“Riding waves is an art, not a sport.” God help us. You could float a battalion of zeppelins with the hot air generated by surfers waxing poetic about “the art.” Open any surf magazine from 1970, and the surfing-as-art fatuousness actually wafts off the pages in small clouds.
Then again, David Nuuhiwa.
We all enjoy a little postprandial cigar-and-brandy chat about who, in surf history, looked the best simply standing atop a board, but it’s always going to come down to David Nuuhiwa, Gerry Lopez, and Tom Curren. Probably in that order. Smoothness doesn’t come in a higher grade. Nuuhiwa’s bones positively flexed when he surfed. His joints were dusted in graphite. Paw pads on his feet. Who knows where it came from. David’s father was a double-secret 12th-degree martial art black-belt ninja, and David himself spent a few years during his youth in a Hawaiian valley somewhere being raised by panthers. At 17, he was already so smooth in the water he could spin mistakes into gold—in the clip above, halfway through the first wave, he loses balance and goes up on one foot then comes down with some kind of Bolshoi Ballet hand juju that makes the whole thing seem planned. All that, plus fashion chops to match Mike Hynson, and a face that belonged on album covers.
For six or seven years, beginning in 1965, American surfers were zombified in their obsession with David Nuuhiwa. The surf media, first and foremost. SURFER’s 1967 God-bless-the-USA “High Performers” articles were balanced almost entirely on Nuuhiwa’s slender teenaged shoulders. Greg MacGillivray and Jim Freeman bought enough Nuuhiwa-earmarked film stock in the mid- and late-’60s to goose Kodachrome’s NYSE price. America’s finest surfers meanwhile battled to see who built the most lavish temple of praise to Nuuhiwa’s skills. Corky Carroll’s entry, in part: “The whole beach was screaming and tears were coming out of their eyes when David was surfing.”
Over the past few days I’ve reignited my own boyhood obsession with Nuuhiwa, and what stands out this time around is how well his surfing holds up without any contextual support. This isn’t as common as you might think. Nat Young, for example, was the most progressive surfer of 1966, and took that year’s world title in San Diego without breaking a sweat. But to fully appreciate Young’s surfing, you need to have some idea of where the sport was at that moment in terms of performance, board design, and even transpacific Aussie-American surfing politics. The shortboard revolution. Noseriding versus “involvement.” The New Era. Young gathered all these things and more in his huge Avatar-sized hands, from the technical to the doctrinal, crushed everything down to something the size of a soccer ball, and drop-kicked the sport into its future. It was masterful. But his actual surfing? If you’re, I don’t know, Nicki Minaj or Kim II-sung or this week’s recruits in the Richard Schmidt Surf School—anybody without a solid working knowledge of surf history—you watch a Nat Young 1966 highlight reel and you’re looking at a handsome guy wrestling a nine-foot board.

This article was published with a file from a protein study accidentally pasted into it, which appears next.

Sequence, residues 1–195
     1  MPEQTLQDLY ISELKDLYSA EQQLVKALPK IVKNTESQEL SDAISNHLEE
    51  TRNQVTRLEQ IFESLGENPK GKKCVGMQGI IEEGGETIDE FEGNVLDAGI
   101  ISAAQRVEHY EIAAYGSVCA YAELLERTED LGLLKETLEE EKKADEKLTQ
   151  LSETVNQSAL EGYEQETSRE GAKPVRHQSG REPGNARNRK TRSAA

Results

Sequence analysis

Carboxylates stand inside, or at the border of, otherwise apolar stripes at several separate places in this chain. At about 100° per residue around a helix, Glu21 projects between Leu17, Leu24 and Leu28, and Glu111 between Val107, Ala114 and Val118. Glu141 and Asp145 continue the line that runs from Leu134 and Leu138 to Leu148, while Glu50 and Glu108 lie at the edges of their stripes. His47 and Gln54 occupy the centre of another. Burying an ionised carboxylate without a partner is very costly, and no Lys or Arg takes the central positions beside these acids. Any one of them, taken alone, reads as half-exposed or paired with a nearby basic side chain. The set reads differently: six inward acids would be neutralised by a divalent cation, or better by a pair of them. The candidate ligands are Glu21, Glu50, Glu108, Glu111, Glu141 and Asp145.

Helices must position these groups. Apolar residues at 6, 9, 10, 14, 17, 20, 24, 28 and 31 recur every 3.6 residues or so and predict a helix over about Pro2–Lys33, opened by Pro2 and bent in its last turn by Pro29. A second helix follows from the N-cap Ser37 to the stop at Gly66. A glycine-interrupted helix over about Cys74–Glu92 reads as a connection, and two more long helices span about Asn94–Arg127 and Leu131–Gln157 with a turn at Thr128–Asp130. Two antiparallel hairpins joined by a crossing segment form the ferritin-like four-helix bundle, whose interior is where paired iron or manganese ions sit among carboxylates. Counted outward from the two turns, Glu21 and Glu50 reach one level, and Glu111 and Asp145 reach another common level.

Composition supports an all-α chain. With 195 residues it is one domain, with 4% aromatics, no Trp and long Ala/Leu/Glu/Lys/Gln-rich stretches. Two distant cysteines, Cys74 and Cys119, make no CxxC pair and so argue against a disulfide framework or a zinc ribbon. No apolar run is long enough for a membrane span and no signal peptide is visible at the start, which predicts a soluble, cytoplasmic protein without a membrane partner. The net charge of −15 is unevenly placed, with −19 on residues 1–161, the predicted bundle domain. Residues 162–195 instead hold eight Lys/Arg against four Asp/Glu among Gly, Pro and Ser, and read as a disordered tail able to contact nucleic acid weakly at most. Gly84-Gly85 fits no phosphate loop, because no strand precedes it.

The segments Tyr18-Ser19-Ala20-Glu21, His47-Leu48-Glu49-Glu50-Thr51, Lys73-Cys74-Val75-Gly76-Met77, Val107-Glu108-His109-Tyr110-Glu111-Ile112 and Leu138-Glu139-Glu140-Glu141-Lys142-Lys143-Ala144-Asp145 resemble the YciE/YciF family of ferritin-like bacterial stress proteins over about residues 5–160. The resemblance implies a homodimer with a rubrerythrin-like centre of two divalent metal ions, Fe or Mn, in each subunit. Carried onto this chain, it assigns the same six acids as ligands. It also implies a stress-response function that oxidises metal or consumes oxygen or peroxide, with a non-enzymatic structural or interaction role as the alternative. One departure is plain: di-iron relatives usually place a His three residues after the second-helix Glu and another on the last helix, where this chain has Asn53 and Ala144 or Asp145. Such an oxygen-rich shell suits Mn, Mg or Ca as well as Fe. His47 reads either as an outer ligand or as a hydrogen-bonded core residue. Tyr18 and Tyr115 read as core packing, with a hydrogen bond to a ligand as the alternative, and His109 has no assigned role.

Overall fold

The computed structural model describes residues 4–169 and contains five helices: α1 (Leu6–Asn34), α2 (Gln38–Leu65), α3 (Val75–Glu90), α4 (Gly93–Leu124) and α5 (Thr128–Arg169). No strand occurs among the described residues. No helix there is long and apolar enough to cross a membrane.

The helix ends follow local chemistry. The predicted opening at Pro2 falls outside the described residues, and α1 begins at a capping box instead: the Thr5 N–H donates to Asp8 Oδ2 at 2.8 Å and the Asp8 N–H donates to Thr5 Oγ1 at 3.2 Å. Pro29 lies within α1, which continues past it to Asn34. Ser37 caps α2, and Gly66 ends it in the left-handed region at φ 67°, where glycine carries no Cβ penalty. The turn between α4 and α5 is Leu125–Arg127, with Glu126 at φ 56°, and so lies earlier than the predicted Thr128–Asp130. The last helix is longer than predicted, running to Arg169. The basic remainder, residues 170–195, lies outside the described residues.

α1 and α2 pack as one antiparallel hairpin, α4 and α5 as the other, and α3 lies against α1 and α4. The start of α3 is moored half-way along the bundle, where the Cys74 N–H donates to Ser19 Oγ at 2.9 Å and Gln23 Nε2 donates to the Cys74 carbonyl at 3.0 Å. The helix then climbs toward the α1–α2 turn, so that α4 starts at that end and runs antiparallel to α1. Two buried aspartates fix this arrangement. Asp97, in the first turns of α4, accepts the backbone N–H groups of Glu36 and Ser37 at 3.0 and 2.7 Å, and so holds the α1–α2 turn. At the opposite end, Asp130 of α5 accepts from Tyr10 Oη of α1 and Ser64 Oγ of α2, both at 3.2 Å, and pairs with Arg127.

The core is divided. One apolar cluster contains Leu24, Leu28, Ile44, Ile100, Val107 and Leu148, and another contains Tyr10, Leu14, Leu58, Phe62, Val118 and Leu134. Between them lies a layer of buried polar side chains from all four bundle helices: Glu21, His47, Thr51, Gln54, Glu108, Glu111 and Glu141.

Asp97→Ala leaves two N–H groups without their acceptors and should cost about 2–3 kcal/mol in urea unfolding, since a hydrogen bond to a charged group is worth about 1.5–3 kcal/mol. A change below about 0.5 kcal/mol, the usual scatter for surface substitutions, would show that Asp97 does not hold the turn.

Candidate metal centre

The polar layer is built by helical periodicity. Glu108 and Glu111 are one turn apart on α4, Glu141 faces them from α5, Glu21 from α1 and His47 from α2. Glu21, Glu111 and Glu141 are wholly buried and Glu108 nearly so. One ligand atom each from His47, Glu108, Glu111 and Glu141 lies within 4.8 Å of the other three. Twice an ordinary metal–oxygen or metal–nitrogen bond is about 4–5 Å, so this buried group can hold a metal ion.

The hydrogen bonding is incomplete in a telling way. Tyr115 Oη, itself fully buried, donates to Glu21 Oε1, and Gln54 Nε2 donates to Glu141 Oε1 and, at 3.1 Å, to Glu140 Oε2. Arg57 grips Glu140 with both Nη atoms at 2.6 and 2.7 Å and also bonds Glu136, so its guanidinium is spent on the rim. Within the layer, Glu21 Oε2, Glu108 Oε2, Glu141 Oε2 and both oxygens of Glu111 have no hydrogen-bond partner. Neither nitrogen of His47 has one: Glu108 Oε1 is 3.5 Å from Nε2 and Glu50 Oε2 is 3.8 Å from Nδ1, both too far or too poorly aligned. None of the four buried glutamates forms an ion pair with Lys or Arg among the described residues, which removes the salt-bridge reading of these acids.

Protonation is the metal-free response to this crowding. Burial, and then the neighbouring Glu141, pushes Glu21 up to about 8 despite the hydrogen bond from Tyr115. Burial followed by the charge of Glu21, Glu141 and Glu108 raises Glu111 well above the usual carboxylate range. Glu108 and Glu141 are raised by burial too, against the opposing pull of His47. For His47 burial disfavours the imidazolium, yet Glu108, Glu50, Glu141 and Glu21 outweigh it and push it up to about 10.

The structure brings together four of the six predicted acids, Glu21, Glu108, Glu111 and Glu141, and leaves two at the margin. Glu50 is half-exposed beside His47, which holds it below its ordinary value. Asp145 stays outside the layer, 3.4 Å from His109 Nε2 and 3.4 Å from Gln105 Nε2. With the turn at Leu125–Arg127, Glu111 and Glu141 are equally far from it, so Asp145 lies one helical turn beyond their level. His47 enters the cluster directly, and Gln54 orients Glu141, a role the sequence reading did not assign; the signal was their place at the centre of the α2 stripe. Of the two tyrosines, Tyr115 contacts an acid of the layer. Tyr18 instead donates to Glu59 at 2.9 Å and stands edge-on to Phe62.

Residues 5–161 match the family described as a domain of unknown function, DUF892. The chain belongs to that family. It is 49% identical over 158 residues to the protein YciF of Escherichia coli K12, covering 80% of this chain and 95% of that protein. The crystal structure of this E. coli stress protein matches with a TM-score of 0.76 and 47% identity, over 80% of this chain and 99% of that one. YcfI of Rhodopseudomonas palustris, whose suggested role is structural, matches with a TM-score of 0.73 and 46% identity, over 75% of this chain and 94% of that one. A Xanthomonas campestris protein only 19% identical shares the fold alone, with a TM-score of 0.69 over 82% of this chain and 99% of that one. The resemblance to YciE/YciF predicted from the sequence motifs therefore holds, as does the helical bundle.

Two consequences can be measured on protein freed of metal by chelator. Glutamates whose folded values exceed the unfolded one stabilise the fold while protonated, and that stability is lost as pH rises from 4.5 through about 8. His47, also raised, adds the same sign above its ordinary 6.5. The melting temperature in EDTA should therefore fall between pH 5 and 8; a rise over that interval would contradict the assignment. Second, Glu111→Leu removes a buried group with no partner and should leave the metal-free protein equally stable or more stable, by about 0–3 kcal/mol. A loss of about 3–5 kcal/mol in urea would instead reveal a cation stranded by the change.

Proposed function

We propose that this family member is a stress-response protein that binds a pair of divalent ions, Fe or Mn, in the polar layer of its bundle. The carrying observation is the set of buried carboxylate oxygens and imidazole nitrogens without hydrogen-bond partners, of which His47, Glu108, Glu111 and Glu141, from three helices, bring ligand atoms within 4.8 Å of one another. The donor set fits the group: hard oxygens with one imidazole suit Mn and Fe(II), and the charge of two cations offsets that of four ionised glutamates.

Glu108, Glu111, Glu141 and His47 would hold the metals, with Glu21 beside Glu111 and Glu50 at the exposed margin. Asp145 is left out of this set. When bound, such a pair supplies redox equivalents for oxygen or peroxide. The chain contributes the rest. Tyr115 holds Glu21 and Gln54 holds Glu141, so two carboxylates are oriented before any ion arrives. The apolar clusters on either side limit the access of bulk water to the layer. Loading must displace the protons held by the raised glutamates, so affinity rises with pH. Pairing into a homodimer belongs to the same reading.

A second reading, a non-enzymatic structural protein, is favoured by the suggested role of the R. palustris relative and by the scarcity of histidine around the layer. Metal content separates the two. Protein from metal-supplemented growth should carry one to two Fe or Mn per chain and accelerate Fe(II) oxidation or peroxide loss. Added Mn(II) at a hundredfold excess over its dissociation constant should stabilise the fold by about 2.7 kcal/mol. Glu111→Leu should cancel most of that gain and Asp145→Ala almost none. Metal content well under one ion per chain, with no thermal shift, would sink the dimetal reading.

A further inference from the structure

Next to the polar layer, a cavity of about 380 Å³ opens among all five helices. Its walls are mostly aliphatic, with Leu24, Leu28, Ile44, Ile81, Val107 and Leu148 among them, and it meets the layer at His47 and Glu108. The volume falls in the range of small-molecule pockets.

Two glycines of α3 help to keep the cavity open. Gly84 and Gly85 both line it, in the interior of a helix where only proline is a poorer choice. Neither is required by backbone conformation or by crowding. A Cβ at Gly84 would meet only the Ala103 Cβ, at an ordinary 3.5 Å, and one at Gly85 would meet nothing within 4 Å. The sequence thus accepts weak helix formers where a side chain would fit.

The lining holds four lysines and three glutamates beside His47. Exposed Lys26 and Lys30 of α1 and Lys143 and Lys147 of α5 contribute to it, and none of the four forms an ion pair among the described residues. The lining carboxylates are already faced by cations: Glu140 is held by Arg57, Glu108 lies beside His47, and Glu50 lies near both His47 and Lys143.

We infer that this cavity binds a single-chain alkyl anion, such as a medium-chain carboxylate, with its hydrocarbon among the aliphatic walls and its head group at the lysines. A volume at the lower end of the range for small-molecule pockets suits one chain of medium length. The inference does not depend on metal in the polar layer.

David Nuuhiwa is different. You don’t have to explain or contextualize his surfing any more than you have to explain or contextualize the Brooklyn Bridge or the flip side of “Revolver.” It is beautiful by any standard, any measure.
Those who didn’t care for Nuuhiwa, and there was no shortage, were as obsessed with him as the rest of us. Aussie surf journalist John Witzig took shots at Nuuhiwa in his hair-tearing 1967 masterpiece “We’re Tops Now.” Five years later, during the 1972 World Championships, also in San Diego, Nuuhiwa’s contest board was stolen, broken in half, graffitied, stabbed with a knife and strung up gangland style from the Ocean Beach pier.
Two days ago I came across a strange 1969 photo in SURFER and wondered for a moment if the magazine at that point had jumped sides and was taking a not-so-subtle dig at Nuuhiwa. The full-page shot shows him mercilessly burning a less-talented surfer, and the caption reads “Nuuhiwa showing positive aggression.” To my ears, that reads like irony. But no. Just the opposite, I’m guessing. SURFER ran the shot because David looks so feline and graceful that the poor guy getting burned simply didn’t register. (That’s the photo, below.)
Turns out that Nuuhiwa was one of the premier wave-snakes of his generation. Which, weirdly, may weigh in favor of the surfer-as-artist claim. Here’s a line from a New York Times op-ed piece that ran a couple years ago. “The creation of truly great art requires a degree of concentration, commitment, dedication, and preoccupation—of selfishness, in a word—that sets that artist apart and makes him not an outlaw, exactly, but a law unto himself.” And later in the same article: “He was in the grip of art, and the cruel thing about art—of great art, anyway—is that it requires its practitioners to be wrapped up in themselves in a way that’s a little inhuman.” The Times piece name-checks Hemingway, Wagner, Degas, Picasso, Eliot, Mailer and Dickens, among art world heavyweights.
I’m not saying we put Nuuhiwa in with that gang straight away. But I’d at least nominate him for consideration.